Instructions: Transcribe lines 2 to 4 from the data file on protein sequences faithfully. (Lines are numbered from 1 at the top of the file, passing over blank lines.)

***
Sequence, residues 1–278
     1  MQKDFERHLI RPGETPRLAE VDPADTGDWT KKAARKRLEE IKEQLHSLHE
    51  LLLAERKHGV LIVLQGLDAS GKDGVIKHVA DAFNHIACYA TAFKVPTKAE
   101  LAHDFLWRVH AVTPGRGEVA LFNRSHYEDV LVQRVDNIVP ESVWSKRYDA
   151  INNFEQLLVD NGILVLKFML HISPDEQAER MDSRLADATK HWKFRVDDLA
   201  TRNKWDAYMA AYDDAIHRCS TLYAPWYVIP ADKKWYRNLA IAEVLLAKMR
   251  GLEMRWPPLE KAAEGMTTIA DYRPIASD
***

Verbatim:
     1  MQKDFERHLI RPGETPRLAE VDPADTGDWT KKAARKRLEE IKEQLHSLHE
    51  LLLAERKHGV LIVLQGLDAS GKDGVIKHVA DAFNHIACYA TAFKVPTKAE
   101  LAHDFLWRVH AVTPGRGEVA LFNRSHYEDV LVQRVDNIVP ESVWSKRYDA